The Mothers of Mushekwa

| Tamlin Wightman

We were proud to have had our inspiring mothers of Mushekwa featured on Relais & Chateâux Africa‘s blog and wanted to share it with you here. Take a look at Africa Live’s “In The Company of Cheerful Ladies” article for yourself and meet Edith and the wonderful women who add cheer to our corner of Africa…

Images by Tamlin Wightman and Ryan Rapaport.

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Above: Tina Aponte, Innkeeper at Royal Chundu, and the women of Mushekwa

Everything has a story. Every story has its characters. You might recognise the title of this story from one by Alexander McCall Smith. But these characters are something wholly unique. I’m sure McCall Smith won’t mind us borrowing his title; because while no less distinctive, the women who feature in our tale today, set on the banks of the Zambezi River in Zambia, are just as bold, their stories just as courageous, as those that feature in the celebrated author’s tales of Botswana. And as far as cheerful ladies go, they are the definition of cheer. Our definition: Patience, faith, optimism. And greenfingers.

We arrive at the Mushekwa village, a short boat ride downstream from Royal Chundu. There has been a passing of an elder in the village, but instead of turning us away, matriarch, the mother of Mushekwa, Edith Mushekwa, whose father founded the village, calls us to the riverbanks with her waves and that smile that takes over her whole face. That comes from her whole heart.

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Edith is one of the characters of this story, the humble protagonist you could say. She walks with us, through the community veggie garden. The maize, eggplant, tomatoes and cabbage that grow here depend on a woman’s touch to thrive, on Edith and the other ladies of the village. They’ve been away, seeing to a funeral, and the crops have wilted without the company of their cheer. Edith tells us she is trying to get the kids in the village more involved. Kids will be kids wherever you are in the world.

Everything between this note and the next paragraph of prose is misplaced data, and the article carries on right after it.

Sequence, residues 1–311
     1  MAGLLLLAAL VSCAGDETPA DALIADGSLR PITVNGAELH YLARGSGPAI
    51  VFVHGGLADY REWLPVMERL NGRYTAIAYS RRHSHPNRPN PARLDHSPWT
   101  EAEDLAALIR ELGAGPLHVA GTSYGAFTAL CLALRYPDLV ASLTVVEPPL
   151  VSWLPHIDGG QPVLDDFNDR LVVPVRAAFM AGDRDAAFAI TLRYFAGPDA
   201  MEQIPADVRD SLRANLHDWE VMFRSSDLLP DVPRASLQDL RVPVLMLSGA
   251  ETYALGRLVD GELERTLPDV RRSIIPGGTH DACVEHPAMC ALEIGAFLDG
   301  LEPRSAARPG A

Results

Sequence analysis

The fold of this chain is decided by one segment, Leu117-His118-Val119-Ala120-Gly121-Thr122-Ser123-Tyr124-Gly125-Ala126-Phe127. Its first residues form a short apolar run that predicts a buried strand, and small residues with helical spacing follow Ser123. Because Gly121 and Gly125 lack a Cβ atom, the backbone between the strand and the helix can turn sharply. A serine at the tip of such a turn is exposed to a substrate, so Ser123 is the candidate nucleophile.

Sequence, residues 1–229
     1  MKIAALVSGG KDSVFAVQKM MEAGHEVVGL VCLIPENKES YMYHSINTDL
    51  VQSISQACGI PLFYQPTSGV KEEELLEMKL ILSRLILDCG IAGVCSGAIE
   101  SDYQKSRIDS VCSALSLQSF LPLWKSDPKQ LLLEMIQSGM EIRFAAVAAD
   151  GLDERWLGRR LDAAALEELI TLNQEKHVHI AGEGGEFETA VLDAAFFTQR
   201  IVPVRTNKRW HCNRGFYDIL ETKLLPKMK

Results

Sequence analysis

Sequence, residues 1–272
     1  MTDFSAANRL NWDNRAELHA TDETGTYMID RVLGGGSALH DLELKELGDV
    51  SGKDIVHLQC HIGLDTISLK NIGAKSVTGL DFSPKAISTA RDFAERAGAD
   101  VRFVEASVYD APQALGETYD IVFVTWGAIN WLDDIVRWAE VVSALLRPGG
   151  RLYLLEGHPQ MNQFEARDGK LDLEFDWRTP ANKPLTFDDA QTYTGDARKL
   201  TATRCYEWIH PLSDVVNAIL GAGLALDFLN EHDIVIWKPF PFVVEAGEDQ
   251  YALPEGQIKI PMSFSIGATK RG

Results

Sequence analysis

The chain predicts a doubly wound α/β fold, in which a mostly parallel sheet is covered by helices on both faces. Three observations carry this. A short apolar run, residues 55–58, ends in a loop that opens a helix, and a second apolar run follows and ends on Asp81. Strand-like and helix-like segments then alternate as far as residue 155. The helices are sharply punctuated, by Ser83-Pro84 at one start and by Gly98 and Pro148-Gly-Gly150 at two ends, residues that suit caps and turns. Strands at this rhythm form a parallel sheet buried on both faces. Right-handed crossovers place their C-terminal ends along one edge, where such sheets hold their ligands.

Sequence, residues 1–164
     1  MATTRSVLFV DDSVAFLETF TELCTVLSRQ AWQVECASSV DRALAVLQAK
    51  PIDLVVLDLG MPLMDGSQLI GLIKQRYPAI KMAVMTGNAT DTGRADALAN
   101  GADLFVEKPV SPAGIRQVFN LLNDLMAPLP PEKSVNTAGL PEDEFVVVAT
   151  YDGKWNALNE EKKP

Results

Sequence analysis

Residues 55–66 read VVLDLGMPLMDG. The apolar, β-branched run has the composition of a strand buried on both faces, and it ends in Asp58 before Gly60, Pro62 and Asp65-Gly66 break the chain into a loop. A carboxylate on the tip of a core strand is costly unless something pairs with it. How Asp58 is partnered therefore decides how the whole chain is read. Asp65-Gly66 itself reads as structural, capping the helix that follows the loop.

Royal Chundu donates seeds to the villagers, who in turn grow the crops and sell them back to the lodge for an income. The garden also feeds the village and guests at Royal Chundu. Many of the plants are used as medicine, such as moringa, which treats a range of different ailments, including HIV. It will take time, birthing new greenfingers, but until then the Cheerful Ladies are in charge. I know, when I return next, as I have before, the garden’s crops (organic, fresh and tasty) will tower over the walkways between them, with tens of little hands sharing Edith’s touch.

A similar project between lodge and village is at play with the bream fish breeding project set in a large lily pond at the entrance to Royal Chundu. The fish are released into the Zambezi River, and, after time, the local fishermen catch them to sell back to the lodge.

The Women of Royal Chundu

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Edith and two more ladies – Bettina and Josephine – guide us through the village, their long dresses sweeping the earth, their amble slow and strong. The Cleopatras of Zambia. Zambezi River Pharaohs. The owners of those future greenfingers trail after us, as the scene of our story is set, as the senses are called upon. A fire burns somewhere close by; an African fish eagle circling above calls out in competition with the chickens in their roost. Edith holds up a small brown nut for us to taste, the nut of the manketi tree, a nut they grind for oil.

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Further on, beneath a reed canopy, a modest market has been set up. Here we meet up with the other ladies (the men are out fishing). The beautiful handmade Chitenga cloths that wrap around our leading ladies are draped before us – the colours of Zambia, the patterns of the nation starring alongside carved wooden animals, bracelets, mats and baskets for us to purchase.

This is daily life in rural Zambia. This is how a team of ladies supports a village. Being in their company, you can see it takes something more, however. It takes a big heart, a light heart, and unwavering patience, faith and optimism. That’s what cheer is… patience, faith and optimism. (And greenfingers.) And here, it’s a cheer that doesn’t stop at Edith, Bettina and Josephine.

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